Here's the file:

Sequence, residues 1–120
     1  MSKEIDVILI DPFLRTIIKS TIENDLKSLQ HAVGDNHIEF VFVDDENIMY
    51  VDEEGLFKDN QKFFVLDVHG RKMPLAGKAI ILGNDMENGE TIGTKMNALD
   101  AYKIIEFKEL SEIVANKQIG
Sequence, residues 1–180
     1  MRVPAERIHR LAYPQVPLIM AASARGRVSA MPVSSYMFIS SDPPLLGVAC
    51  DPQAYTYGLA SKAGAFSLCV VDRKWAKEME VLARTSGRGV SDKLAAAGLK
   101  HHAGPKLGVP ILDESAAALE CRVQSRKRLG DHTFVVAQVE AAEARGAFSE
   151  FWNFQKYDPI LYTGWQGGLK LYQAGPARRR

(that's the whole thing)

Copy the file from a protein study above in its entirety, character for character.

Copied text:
Sequence, residues 1–120
     1  MSKEIDVILI DPFLRTIIKS TIENDLKSLQ HAVGDNHIEF VFVDDENIMY
    51  VDEEGLFKDN QKFFVLDVHG RKMPLAGKAI ILGNDMENGE TIGTKMNALD
   101  AYKIIEFKEL SEIVANKQIG
Sequence, residues 1–180
     1  MRVPAERIHR LAYPQVPLIM AASARGRVSA MPVSSYMFIS SDPPLLGVAC
    51  DPQAYTYGLA SKAGAFSLCV VDRKWAKEME VLARTSGRGV SDKLAAAGLK
   101  HHAGPKLGVP ILDESAAALE CRVQSRKRLG DHTFVVAQVE AAEARGAFSE
   151  FWNFQKYDPI LYTGWQGGLK LYQAGPARRR